Author

Maximilien Robespierre cover

photo credits: CC-PD-Mark

Maximilien Robespierre

French revolutionary lawyer and politician

1758   -   1794

country of citizenship: France
native language: French
educated at: Lycée Louis-le-Grand
occupation: politician, lawyer, journalist, revolutionary
award received: Concours général
position held: member of the French National Assembly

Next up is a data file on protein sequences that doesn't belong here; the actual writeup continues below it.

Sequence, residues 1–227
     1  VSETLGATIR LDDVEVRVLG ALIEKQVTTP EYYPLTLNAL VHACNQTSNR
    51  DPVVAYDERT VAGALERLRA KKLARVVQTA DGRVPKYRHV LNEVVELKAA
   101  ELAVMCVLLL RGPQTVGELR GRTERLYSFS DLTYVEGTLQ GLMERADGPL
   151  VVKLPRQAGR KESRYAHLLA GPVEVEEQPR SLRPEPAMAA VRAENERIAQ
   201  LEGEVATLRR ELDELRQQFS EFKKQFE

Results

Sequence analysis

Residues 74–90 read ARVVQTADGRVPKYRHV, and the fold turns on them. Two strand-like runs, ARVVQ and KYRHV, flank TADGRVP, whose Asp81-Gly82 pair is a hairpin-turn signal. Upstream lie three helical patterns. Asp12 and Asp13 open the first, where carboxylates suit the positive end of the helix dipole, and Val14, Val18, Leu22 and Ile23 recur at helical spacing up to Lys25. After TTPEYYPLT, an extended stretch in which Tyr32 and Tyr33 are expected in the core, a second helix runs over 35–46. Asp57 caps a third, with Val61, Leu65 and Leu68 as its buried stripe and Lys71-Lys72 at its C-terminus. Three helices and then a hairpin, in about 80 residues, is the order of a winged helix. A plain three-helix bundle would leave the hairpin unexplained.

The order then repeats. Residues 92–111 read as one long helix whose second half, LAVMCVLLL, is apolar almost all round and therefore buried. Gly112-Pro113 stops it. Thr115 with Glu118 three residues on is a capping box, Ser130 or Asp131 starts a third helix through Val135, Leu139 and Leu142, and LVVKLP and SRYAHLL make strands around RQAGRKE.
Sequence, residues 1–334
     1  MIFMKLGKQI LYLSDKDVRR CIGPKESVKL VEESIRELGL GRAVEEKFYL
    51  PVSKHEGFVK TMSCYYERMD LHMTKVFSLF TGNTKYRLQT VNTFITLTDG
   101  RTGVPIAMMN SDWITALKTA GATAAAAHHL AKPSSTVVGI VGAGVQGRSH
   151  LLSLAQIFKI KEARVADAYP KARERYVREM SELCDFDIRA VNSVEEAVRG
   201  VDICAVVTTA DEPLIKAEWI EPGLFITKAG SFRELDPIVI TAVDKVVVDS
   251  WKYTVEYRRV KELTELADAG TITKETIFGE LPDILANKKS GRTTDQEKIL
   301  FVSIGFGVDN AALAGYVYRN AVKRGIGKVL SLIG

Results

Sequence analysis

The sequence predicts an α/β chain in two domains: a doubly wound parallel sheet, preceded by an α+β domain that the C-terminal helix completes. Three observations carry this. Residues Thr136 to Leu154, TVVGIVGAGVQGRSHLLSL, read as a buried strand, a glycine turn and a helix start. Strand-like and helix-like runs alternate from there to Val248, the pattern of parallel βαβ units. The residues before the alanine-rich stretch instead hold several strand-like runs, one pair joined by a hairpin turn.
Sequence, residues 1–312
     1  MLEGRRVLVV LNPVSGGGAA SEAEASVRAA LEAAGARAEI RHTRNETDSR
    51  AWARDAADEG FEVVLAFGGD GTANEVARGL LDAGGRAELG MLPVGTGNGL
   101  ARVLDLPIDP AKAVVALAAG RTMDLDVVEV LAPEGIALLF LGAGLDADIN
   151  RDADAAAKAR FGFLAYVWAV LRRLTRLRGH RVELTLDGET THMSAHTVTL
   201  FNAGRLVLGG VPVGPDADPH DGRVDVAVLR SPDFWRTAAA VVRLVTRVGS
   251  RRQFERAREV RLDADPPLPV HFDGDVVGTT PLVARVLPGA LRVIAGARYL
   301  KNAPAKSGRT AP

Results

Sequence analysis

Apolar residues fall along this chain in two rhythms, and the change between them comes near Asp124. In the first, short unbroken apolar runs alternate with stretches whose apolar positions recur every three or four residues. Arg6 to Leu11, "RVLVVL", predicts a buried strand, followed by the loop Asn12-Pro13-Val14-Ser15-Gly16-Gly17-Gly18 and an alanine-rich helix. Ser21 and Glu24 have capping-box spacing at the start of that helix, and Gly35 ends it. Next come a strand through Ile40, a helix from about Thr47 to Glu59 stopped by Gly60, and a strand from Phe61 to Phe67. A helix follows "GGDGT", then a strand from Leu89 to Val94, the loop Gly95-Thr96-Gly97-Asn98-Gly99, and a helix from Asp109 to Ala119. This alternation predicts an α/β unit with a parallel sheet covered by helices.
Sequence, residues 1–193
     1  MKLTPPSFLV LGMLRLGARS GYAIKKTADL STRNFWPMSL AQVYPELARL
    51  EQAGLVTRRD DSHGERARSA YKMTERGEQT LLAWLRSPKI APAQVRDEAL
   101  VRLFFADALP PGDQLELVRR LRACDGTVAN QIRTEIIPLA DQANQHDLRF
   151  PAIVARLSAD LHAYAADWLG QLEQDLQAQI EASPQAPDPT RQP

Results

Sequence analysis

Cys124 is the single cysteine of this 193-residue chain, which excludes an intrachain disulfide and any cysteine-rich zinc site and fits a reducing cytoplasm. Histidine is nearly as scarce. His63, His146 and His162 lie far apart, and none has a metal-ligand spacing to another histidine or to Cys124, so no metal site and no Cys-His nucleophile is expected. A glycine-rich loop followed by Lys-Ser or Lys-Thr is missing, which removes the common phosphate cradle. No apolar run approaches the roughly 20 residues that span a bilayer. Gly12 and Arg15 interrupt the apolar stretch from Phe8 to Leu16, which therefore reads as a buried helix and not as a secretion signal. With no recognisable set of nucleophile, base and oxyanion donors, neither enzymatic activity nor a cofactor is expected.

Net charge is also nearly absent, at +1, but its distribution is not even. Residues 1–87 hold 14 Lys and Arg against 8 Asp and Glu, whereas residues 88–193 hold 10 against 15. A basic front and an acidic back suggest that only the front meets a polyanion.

Maximilien François Marie Isidore de Robespierre (French: [mak.si.mi.ljɛ̃ fʁɑ̃.swa ma.ʁi i.zi.dɔʁ də ʁɔ.bɛs.pjɛʁ]; 6 May 1758 – 28 July 1794) was a French lawyer and politician, as well as one of the best known and most influential figures associated with the French Revolution. As a member of the Constituent Assembly and the Jacobin Club, he campaigned for universal manhood suffrage, abolition of celibacy and of slavery. Robespierre was an outspoken advocate for the citizens without a voice, for their unrestricted admission to the National Guard, to public offices, and for the right to carry a weapon to defend the revolution. Robespierre played an important part in the agitation which brought about the fall of the French monarchy in August 1792 and the summoning of a National Convention.As one of the leading members of the insurrectionary Paris Commune, Robespierre was elected as a deputy to the French Convention early September 1792, but was soon criticised trying to establish a triumvirate or a dictatorship. In Spring 1793 he urged the creation of a "Sans-culotte army" to sweep away conspirators. In July he was appointed as a member of the powerful Committee of Public Safety being popular and well connected to the Paris Commune. Robespierre is best known for his role during the "reign of Terror". He exerted his influence to suppress the Girondins to the right, the Hébertists to the left and the Dantonists to the middle. As part of his attempts to use extreme measures to control political activity in France, Robespierre moved against his former friends, the more moderate Danton, and Desmoulins, who were executed in April 1794. He opposed dechristianization of France, introduced the Cult of the Supreme Being and became subject of his colleague's spot. Robespierre would be brought down with his obsession with the vision of an ideal republic and his indifference to the human costs of installing it. The Terror ended with Robespierre's arrest on 9 Thermidor and his execution on the day after, events that initiated a period known as the Thermidorian Reaction.Robespierre's personal responsibility for the excesses of the Terror remains the subject of intense debate among historians of the French Revolution. Each time, the controversy is around two different points of view: for some, Robespierre was the incarnation of Terror during Year II (of the French Revolutionary calendar); for others, he was its principal ideologist and recalls the first democratic experience, marked by the French Constitution of 1793. Current interest in the role of women in the past, the cultural dimension of history, the historical role of violence, and the interaction on European and non-Western peoples have directed attention to areas often ignored in earlier studies.
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